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19.03.2015

Russia’s Movement ‘For Human Rights’ fined for refusal to register as ‘foreign agent’

   

  The Movement’s director Lev Ponomarev talking to journalists during a previous visitation by the enforcement bodies in 2013 (photo: Novaya Gazeta)

A day after a Moscow court upheld the justice ministry’s decision to forcibly enter the Movement ‘For Human Rights’ on the Register of ‘Foreign Agents’, another court has fined the Movement 300 thousand roubles for refusing to register itself.  During the previous day’s court hearing, the ministry spokesman claimed that the ministry was not seeking the Movement’s closure.   

‘For Human Rights’ is one of Russia’s oldest human rights movements, and has consistently spoken out over mounting rights abuses in Russia.  Like most other rights organizations, it has refused on principle to comply with legislation clearly aimed at stigmatizing NGO’s as ‘foreign agents’.  Other NGOs forcibly added to the register include Soldiers Mothers of St. Petersburg, the Memorial Human Rights Centre, the Sakharov Centre and the Committee against Torture in Nizhny Novgorod.  Like the Movement, many of these organizations have been actively investigating cases where Russian soldiers have been sent, often against their will, to fight in Ukraine.

As initially reported, Moscow’s Zamoskvoretsky Court on March 16 supported an original Justice Ministry decision from the middle of December which included the independent Movement ‘For Human Rights’ on Russia’s notorious register of NGO ‘foreign agents’. 

The Justice Ministry’s representative in court asserted that their (unscheduled) check had found that the NGO had on a number of occasions received donations from abroad, “while its members had carried out public campaigning and called for amendments to legislation”, this, according to the Ministry, constituting ‘political activities’. 

The NGO was represented by well-known lawyer Henri Reznik who insisted that its activities could not be called ‘political’, and noted that the law fails to clearly define the criteria for defining such activities. It was indicative that the Ministry had to turn to a political analyst for clarification.  “The law is written for everybody, and not for the understanding of specialists in a narrow field. The Ministry is using the failings of the law to remove any critical activities”, he continued, adding that the ruling was being made at a time when clarification has still not been provided by Russia’s Supreme Court.

The Justice Ministry announced its unscheduled check in November only two months after a scheduled one was carried out without any infringements being noticed.  At the time, the NGO’s Director Lev Ponomarev reported that the check as to whether the rights organization should be forcibly labelled a ‘foreign agent’ was asked for by the Prosecutor General’s Office.  Ponomarev insisted that the organization’s last foreign grant had ended in December 2013 and that there were no grounds for calling it a ‘foreign agent’.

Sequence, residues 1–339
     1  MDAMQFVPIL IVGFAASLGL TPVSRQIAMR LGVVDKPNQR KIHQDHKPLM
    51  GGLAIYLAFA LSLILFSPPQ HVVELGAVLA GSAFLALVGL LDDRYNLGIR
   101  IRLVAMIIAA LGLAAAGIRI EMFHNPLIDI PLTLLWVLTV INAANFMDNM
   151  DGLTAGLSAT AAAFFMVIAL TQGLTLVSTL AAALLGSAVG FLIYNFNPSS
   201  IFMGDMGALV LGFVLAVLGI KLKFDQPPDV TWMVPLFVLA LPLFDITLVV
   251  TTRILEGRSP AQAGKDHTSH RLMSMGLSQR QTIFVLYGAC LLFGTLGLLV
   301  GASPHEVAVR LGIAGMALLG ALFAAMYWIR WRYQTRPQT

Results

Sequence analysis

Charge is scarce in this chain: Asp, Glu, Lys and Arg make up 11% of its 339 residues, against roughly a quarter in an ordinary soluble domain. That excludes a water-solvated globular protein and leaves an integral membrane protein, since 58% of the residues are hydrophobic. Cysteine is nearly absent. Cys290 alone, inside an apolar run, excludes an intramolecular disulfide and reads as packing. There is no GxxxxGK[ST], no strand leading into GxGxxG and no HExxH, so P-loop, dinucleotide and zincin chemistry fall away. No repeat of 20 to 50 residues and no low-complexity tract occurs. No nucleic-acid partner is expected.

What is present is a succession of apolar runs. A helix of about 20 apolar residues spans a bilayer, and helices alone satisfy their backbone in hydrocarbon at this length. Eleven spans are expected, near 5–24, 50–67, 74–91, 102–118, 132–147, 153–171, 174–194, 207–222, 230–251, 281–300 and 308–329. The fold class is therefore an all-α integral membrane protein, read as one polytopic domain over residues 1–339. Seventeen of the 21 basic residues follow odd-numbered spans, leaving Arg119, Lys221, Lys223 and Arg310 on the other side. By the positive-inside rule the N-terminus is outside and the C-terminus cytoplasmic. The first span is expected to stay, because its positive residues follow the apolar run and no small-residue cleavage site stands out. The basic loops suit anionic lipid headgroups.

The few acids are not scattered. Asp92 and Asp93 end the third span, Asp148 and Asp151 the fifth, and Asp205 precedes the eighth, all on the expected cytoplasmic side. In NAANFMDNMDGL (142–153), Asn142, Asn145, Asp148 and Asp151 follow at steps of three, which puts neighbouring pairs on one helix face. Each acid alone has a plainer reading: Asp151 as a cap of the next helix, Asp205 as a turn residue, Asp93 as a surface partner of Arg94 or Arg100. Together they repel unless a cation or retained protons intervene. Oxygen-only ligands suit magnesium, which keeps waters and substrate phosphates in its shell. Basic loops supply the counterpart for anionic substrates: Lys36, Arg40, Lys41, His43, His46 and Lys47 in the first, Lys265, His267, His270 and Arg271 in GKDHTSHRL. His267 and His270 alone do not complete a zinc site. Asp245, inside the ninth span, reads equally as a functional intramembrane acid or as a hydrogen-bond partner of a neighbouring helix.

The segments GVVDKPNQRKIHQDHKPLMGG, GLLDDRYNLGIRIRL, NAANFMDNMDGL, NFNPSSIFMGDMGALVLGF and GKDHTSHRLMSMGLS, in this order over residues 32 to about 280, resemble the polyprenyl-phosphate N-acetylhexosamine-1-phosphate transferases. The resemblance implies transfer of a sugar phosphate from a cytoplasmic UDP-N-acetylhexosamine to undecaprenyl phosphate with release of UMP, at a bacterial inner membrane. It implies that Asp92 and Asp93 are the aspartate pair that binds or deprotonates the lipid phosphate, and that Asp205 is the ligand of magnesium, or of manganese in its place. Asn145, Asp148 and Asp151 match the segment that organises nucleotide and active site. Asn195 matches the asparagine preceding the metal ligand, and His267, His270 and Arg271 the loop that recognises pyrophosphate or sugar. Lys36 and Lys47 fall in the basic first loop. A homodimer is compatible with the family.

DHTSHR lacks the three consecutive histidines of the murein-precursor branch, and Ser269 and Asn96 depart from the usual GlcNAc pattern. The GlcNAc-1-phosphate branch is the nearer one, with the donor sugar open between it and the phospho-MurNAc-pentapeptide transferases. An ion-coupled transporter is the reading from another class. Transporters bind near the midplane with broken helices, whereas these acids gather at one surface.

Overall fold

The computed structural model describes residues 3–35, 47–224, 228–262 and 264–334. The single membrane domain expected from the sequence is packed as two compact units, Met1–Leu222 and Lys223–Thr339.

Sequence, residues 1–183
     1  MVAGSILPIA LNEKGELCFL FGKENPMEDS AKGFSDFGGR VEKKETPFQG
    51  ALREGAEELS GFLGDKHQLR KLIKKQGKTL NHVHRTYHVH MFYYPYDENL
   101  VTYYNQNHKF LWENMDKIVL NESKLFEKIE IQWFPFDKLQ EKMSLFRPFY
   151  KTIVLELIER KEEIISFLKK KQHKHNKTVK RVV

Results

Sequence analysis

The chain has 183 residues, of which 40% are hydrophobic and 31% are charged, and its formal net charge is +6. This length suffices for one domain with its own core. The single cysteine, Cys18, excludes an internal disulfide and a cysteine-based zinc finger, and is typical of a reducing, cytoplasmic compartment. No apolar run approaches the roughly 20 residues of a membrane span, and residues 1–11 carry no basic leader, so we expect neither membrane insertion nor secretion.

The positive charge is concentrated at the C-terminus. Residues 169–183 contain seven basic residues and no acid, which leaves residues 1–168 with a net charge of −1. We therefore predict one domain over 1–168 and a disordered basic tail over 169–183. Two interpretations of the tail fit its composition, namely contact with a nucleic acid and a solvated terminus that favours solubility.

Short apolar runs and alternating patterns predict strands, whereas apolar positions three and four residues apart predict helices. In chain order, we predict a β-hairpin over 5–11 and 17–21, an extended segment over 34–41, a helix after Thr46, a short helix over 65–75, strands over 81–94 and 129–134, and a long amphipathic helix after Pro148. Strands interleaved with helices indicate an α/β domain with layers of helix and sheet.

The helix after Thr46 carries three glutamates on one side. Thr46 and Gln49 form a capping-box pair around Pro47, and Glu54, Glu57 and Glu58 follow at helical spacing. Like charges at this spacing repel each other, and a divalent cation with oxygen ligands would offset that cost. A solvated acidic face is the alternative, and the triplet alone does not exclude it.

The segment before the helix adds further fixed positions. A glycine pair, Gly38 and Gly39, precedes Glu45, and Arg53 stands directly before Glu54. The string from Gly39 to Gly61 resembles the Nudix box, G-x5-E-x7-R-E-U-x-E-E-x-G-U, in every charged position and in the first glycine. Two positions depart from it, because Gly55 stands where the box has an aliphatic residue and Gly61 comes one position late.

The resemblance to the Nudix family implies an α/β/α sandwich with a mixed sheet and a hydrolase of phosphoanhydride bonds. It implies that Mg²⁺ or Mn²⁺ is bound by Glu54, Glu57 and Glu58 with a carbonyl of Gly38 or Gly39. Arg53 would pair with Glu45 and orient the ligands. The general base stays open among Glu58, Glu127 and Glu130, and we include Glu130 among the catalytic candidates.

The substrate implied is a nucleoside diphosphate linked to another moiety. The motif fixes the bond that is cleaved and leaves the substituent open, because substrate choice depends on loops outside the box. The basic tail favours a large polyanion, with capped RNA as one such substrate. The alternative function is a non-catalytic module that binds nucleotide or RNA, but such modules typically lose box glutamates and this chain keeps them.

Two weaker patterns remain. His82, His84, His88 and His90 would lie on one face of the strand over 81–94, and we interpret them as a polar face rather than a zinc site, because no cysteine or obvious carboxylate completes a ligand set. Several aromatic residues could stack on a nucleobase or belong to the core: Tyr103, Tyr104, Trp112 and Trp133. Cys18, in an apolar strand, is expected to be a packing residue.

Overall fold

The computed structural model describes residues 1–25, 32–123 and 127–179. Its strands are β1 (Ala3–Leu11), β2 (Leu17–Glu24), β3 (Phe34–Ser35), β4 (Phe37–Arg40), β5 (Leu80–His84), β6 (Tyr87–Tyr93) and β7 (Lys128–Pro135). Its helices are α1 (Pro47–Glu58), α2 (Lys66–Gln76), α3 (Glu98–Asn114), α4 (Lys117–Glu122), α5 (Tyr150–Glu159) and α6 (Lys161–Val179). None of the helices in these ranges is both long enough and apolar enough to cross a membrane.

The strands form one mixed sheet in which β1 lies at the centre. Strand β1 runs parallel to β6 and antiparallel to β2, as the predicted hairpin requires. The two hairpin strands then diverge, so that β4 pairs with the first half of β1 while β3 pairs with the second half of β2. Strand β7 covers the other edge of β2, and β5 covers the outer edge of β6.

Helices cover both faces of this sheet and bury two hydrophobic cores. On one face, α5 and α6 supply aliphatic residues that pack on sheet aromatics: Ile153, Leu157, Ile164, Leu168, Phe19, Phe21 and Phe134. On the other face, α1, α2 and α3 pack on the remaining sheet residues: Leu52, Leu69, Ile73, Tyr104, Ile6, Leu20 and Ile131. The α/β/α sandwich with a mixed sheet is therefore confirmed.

The law obliging non-commercial organizations receiving grants from abroad and engaging in what the law very loosely describes as ‘political activities’ to register as ‘foreign agents’ was adopted in 2012.  The law was boycotted by a lot of civic organizations, so in June 2014 President Vladimir Putin signed into force a law which allows the Justice Ministry to forcibly include organizations on the register.   This it has been doing ever since.

In September this year, the organization Soldiers’ Mothers of St Petersburg was placed on the register, with the announcement coming in the same week that the organization, together with others, publicly demanded answers regarding the deaths of Russian soldiers in Ukraine.

‘For Human Rights’ has also defended the rights of conscripts forced to fight in Ukraine and has directly interceded on their behalf.

Last week it also issued a statement in support for Eva Merkacheva and Andrei Babushkin who were subjected to searches and interrogation after they reported allegations of torture and ill-treatment made to them by people held in detention accused of murdering opposition leader Boris Nemtsov on Feb 27 near the Kremlin.   Babushkin and Merkacheva were formally named as ‘witnesses’ and made to sign commitments to not disclose any information which the Movement calls “a flagrant violation of Russian legislation aimed at obstructing their human rights activities”. The threat against the two human rights activists of criminal proceedings for supposed obstruction of the investigation “is an attempt to put pressure, both on Merkacheva and Babushkina, and on all members of Russian monitoring commissions”.

“It must be understood that publication of information about torture cannot be obstruction of justice. It is in fact torture that constitutes obstruction of justice and discredits both the investigative bodies with respect to Merkacheva and Babushkina, and punishment of the perpetrators”.

The arrests and claims that the murderer of Boris Nemtsov was angered by comments he made after the Charlie Hebdo attack have aroused widespread scepticism. Few believe that the Russian Investigative Committee with its blitzkrieg arrests has any particular interest in punishing the real perpetrators, nor of finding those who ordered the killing of one of Russia’s truly honest and courageous politicians who had angered the Kremlin with, among other things, his investigations into and criticism of Russian aggression in Ukraine.

Halya Coynash 

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